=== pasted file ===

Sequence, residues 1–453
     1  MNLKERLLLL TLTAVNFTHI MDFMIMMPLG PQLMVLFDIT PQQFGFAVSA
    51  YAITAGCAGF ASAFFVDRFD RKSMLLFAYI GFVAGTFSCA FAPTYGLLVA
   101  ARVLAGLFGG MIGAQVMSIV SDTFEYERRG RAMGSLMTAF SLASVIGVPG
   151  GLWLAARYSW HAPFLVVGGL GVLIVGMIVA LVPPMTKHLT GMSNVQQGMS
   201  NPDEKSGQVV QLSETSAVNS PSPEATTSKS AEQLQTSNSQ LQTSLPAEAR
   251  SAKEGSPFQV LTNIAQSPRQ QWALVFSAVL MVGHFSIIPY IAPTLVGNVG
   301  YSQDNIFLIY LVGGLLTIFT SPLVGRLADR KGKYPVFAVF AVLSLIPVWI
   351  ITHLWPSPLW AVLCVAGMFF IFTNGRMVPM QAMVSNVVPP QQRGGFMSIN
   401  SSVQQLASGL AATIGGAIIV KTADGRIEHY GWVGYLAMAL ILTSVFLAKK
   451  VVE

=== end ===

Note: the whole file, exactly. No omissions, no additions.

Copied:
Sequence, residues 1–453
     1  MNLKERLLLL TLTAVNFTHI MDFMIMMPLG PQLMVLFDIT PQQFGFAVSA
    51  YAITAGCAGF ASAFFVDRFD RKSMLLFAYI GFVAGTFSCA FAPTYGLLVA
   101  ARVLAGLFGG MIGAQVMSIV SDTFEYERRG RAMGSLMTAF SLASVIGVPG
   151  GLWLAARYSW HAPFLVVGGL GVLIVGMIVA LVPPMTKHLT GMSNVQQGMS
   201  NPDEKSGQVV QLSETSAVNS PSPEATTSKS AEQLQTSNSQ LQTSLPAEAR
   251  SAKEGSPFQV LTNIAQSPRQ QWALVFSAVL MVGHFSIIPY IAPTLVGNVG
   301  YSQDNIFLIY LVGGLLTIFT SPLVGRLADR KGKYPVFAVF AVLSLIPVWI
   351  ITHLWPSPLW AVLCVAGMFF IFTNGRMVPM QAMVSNVVPP QQRGGFMSIN
   401  SSVQQLASGL AATIGGAIIV KTADGRIEHY GWVGYLAMAL ILTSVFLAKK
   451  VVE